Friday, October 19, 2007

Garlic: The Death of Natural Health Onion?

Small, white, and slight ‘hot’. That’s garlic. Allium sativum L., Latin name of garlic, is a species in the onion family Alliaceae. Their close families include the onion, shallot, and leek. Garlic has been used during recorded history for both culinary and medicinal functions. It has a distinctive bitter, 'hot', flavor that smoothes and sweetens considerably with cuisine

A rhizome of garlic, the most generally used plant element, is separated into frequent discrete fleshy sectors called cloves which are used for eating or for cooking and remedial purposes. The leaves, stems (scape) and flowers (bulbils) on the head (spathe) are also suitable for eating and most regularly consumed while young and still tender. The papery, protective layers of 'skin' over a variety of parts of the plant and the roots emotionally involved to the bulb are the only parts not measured edible.

Allium sativum produces in the untamed in areas where it has become grew wild; it perhaps moved down from the species Allium longicuspis, which grows wild in south-western Asia. The 'wild garlic', 'crow garlic' and 'field garlic' of Britain are the species Allium ursinum, Allium vineale and Aleum oleraceum, correspondingly. In North America, 'Allium vineale, identified as 'wild-' or 'crow garlic', and Allium candadensis, recognized as 'meadow-' or 'wild garlic', are ordinary weeds in fields.

Garlic is extensively used around the world for its pungent flavor, as a flavor or condiment. Depending on the shape of cookery, the flavor is either mellow or intense. It is habitually matching with onion, tomato, or ginger. The parchment-like membrane is much like the skin of an onion, and is normally uninvolved before using in rare or cooked appearance. An option is to slash the crown off the bulb, coat cloves of that natural health stuff by dribbling olive oil (or other oil based seasoning) above them and cook them in the oven. The garlic softens and can be extracted from the cloves by pressing the (root) end of the bulb or separately by pressing one end of the clove.

Young scapes are gentle and edible. They are also acknowledged as 'garlic spears', 'stems', or 'tops'. Scapes normally have a milder flavor than cloves. They are habitually used in stir frying or arranged like asparagus. This wonderful natural health onion leaves are a popular vegetable in various parts of Asia, particularly Chinese, Vietnamese, Cambodian, Indonesia and Korean cuisines. The leaves are cut, hygienic and then stir-fried with eggs, meat, or vegetables. Garlic is crucial to numerous Mediterranean dishes. Combination garlic with eggs and olive oil creates aioli ("garlic and oil" in Provençal). The Spanish variation does not use eggs. Garlic, oil, and a chunky base make skordalia (from the Greek and Italian names of garlic). Blending garlic, almond, oil and soaked bread produces ajoblanco (ajo blanco is Spanish for "white garlic").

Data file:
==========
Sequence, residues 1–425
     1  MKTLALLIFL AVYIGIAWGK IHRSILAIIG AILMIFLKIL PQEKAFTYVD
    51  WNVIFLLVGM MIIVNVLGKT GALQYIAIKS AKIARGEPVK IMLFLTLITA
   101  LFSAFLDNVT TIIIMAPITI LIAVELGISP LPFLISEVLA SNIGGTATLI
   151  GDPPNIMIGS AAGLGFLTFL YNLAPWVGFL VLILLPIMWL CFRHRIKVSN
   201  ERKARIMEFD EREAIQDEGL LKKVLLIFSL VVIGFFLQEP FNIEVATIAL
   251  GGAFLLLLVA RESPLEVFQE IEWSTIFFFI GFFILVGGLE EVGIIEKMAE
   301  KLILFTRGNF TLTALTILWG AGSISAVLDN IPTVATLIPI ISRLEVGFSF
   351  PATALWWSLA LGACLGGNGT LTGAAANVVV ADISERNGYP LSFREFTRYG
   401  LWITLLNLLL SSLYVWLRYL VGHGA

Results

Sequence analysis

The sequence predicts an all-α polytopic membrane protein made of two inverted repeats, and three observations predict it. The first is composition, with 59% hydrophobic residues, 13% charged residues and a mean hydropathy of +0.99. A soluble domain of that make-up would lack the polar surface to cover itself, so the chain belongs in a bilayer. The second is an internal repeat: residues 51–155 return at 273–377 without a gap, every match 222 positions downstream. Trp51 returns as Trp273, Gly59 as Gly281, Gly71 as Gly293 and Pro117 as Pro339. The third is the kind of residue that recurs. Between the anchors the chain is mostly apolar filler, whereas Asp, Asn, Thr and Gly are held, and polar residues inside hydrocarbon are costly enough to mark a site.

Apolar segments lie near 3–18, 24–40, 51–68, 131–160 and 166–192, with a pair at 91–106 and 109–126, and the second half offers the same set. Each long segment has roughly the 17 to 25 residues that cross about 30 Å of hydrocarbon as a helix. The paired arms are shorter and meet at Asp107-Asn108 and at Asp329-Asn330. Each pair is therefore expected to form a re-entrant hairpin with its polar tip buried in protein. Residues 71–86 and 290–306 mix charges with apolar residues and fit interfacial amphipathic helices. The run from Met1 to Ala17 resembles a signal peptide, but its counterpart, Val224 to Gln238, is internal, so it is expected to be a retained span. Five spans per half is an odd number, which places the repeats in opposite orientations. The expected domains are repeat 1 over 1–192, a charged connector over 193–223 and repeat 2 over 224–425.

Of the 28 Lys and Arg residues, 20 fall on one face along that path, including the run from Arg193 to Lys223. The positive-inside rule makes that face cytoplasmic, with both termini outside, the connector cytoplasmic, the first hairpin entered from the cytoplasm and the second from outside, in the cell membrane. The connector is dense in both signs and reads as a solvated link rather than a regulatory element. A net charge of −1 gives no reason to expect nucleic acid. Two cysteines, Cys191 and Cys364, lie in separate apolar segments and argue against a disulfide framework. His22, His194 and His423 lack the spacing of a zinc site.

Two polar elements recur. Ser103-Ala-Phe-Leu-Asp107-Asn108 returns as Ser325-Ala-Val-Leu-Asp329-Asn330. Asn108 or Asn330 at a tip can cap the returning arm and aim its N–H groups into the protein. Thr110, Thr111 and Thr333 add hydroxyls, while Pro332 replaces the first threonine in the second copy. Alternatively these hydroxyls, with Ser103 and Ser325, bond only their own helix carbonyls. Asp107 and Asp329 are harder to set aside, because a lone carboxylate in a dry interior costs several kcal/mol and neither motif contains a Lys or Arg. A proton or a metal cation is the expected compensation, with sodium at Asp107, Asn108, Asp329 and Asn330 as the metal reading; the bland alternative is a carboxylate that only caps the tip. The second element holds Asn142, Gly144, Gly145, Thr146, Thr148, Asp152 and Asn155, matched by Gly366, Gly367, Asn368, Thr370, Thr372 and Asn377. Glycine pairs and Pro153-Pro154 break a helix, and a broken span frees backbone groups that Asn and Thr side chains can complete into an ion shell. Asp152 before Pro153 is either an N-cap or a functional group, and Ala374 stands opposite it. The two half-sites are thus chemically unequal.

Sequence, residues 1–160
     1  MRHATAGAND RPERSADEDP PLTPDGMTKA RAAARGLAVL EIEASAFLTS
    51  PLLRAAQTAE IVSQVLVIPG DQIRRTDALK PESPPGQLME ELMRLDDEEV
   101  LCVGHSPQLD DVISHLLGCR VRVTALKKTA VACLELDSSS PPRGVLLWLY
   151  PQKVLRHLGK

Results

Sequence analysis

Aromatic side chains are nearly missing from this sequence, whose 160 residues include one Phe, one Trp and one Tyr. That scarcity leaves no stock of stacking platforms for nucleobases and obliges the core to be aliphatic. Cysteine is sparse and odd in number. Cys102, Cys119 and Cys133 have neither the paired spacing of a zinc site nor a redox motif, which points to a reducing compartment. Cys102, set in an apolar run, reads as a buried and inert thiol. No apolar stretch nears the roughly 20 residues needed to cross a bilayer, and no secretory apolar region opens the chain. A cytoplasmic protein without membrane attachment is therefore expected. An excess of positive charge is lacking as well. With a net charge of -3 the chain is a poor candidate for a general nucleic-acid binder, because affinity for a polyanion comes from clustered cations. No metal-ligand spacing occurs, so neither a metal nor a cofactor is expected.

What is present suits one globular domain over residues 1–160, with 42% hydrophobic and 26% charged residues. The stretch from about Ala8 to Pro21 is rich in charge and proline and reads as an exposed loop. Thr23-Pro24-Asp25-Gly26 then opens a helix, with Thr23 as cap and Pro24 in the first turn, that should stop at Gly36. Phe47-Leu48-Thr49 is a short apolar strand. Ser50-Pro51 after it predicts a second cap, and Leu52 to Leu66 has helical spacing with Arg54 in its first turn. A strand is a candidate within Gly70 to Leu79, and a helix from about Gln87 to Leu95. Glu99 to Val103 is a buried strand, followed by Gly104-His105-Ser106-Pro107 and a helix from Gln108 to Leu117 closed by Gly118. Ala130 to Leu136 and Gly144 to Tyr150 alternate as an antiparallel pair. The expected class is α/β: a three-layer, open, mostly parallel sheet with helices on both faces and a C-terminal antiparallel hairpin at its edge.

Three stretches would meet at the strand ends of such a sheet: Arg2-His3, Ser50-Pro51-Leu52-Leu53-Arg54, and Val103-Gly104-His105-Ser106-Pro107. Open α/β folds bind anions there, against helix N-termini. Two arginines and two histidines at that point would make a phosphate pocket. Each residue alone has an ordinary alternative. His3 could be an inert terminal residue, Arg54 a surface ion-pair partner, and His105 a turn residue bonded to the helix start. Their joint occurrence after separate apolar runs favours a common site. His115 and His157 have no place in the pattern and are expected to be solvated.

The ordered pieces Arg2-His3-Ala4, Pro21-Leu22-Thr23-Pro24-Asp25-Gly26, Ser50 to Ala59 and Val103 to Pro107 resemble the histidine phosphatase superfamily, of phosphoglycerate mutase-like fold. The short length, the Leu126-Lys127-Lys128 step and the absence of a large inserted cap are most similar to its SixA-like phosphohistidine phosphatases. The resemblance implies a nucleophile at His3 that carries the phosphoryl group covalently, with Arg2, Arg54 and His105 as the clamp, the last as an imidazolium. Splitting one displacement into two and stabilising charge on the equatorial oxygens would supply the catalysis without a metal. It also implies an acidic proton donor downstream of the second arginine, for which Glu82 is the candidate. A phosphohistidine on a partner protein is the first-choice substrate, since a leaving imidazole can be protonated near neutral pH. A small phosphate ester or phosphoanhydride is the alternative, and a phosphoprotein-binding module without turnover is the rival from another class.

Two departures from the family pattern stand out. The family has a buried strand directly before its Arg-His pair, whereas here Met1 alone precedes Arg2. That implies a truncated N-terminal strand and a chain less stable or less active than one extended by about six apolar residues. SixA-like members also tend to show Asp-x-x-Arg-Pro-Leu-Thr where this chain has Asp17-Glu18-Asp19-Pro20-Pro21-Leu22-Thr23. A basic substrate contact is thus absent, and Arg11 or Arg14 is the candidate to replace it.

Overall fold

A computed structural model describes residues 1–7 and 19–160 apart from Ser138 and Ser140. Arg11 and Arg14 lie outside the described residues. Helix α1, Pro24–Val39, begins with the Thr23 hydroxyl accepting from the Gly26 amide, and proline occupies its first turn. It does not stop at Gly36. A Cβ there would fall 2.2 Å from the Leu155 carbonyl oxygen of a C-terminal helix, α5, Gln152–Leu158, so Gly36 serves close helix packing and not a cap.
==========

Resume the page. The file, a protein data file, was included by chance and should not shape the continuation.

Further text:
Medicinal use and natural health benefits: Myth?

Garlic has been used as both cooking and remedy in numerous cultures for thousands of years, dating as far back as the time that the Egyptian pyramids were made. Garlic is declared to aid prevent heart disease plus atherosclerosis, high cholesterol, high blood pressure, and cancer. But Allium sativum does not possess, as many people think it does, cancer-fighting properties due to the presence of allylic sulfur compounds such as diallyl disulfide (DADs), supposed not to be an anticarcinogen.

Animal studies, and some early tentative studies in bacteria, have recommended promising cardiovascular disadvantages of garlic. A Czech study found garlic supplementation improved accumulation of cholesterol on vascular walls of animals. Another study had related outcome, with garlic supplementation radically rising the amounts of placque in the aortas of cholesterol-fed rabbits. In a different study proved that supplementation with garlic extract enlarged vascular calcification in human patients with high blood cholesterol. Nevertheless, a NIH-funded randomized clinical trial published in Archives of Internal Medicine in 2007 found that eating of garlic, in any form, did not decrease cholesterol levels in patients with fairly high baseline stages.

However, in 1858, Louis Pasteur observed garlic's antibacterial activity, and it was used as an antiseptic to avert gangrene throughout World War I and World War II. In contemporary naturopathy, garlic is used as a healing for intestinal worms and other intestinal parasites, both orally and as an anal suppository. Garlic cloves are used as a medicine for infections (especially chest problems), digestive disorders, and fungal infections such as thrush. When crushed, Allium sativum yields allicin, a powerful antibiotic and anti-fungal composite (phytoncide). It also holds alliin, ajoene, enzymes, vitamin B, minerals, and flavonoids.

Generally, I think that this white tiny onion regarded natural healthiness herb still has to be used on a doctor requirement.



1 comment:

Dallas Health said...

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